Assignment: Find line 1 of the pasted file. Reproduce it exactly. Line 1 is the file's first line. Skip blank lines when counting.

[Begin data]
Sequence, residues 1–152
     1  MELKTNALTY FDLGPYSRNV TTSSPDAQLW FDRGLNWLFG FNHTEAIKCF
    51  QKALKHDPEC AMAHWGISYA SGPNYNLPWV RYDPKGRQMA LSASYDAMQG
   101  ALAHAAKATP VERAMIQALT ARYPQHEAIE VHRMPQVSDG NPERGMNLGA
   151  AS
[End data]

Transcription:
Sequence, residues 1–152